The Guam Micronesian kingfisher is one of three subspecies of the Micronesian kingfisher found in Micronesia, an island nation located in the Pacific Ocean, northeast of Papua New Guinea. This subspecies was once found on the island of Guam, and it is said to be extinct in the wild and only found in zoos on the mainland. The three subspecies are similar to one another in appearance and size and differ mainly in the amount and placement of their brown colorations. Males are rusty brown with a long, black bill and a black line that extends around the neck. Their upperparts are an iridescent greenish-blue. Females are similar in color, except their chin, throat, and underparts are white. Adults reach about nine inches in length.
Micronesian kingfishers are found primarily in mature limestone forest and mixed woodland and second-growth stands. They can also be found in scrub forests and coconut groves. They are often seen alone or in pairs, and both male and female defend their territory with very highly vocal sounds. Diet consists of insects, crustaceans, and lizards. In captivity, they may eat geckos, anoles, newborn mice, crickets, and mealworms. To catch its prey, the kingfisher sits motionless on exposed perches in large trees with good views of the ground below. When prey is spotted, it swoops down to capture it, and after returning to its perch with prey in its bill, it beats the prey side to side on the branch to stun or kill it before swallowing it whole. Nest building by both male and female has been observed from December to July. The female gives birth to two eggs and both parents incubate the eggs. The eggs possibly hatch after 21 to 23 days and both parents feed and care for the chicks.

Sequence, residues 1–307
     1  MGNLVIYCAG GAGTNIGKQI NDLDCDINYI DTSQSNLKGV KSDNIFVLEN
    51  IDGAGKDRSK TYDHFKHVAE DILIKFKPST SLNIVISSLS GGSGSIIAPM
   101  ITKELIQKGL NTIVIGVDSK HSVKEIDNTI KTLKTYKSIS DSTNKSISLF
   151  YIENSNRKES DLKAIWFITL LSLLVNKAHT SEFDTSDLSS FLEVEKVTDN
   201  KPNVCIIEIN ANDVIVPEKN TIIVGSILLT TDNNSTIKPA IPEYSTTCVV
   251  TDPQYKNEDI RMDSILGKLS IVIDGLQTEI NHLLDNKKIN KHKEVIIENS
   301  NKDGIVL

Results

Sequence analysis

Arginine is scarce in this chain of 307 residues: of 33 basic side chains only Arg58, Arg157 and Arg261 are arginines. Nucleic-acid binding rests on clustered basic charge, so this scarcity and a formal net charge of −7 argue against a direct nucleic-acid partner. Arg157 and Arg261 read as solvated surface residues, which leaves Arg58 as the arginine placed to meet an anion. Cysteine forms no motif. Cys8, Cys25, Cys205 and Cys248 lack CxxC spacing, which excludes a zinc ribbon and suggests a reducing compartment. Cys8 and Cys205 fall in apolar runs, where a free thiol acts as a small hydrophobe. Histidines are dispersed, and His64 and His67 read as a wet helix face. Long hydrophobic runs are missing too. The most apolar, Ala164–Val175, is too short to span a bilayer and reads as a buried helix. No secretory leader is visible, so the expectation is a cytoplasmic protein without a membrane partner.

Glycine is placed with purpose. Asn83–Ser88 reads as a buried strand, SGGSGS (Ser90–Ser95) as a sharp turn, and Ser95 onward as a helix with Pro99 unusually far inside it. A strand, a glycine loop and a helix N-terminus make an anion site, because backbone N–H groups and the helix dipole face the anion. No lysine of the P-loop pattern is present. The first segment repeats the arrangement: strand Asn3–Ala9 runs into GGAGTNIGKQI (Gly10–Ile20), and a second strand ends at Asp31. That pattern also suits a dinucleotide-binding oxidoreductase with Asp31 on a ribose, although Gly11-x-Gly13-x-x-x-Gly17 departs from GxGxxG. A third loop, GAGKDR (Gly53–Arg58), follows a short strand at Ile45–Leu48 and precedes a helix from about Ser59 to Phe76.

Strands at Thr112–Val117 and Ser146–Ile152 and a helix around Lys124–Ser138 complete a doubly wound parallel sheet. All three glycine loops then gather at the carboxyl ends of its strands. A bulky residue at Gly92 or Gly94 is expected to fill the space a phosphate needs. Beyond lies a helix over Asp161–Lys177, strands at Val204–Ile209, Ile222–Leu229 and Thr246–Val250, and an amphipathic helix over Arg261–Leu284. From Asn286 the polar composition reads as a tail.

The Guam Micronesian kingfisher is now thought to be extinct in the wild due to predation by the brown tree snake (Boiga irregularis), a species that was introduced in the area. By 1986, only seven Guam kingfishers existed in the wild, and to preserve the species, some of these birds were collected and brought into captivity so that they could reproduce and later be reintroduced into the forests. Additional conservation plans include research on how to create snake-free environments on the island and legal protection of its forest habitat.
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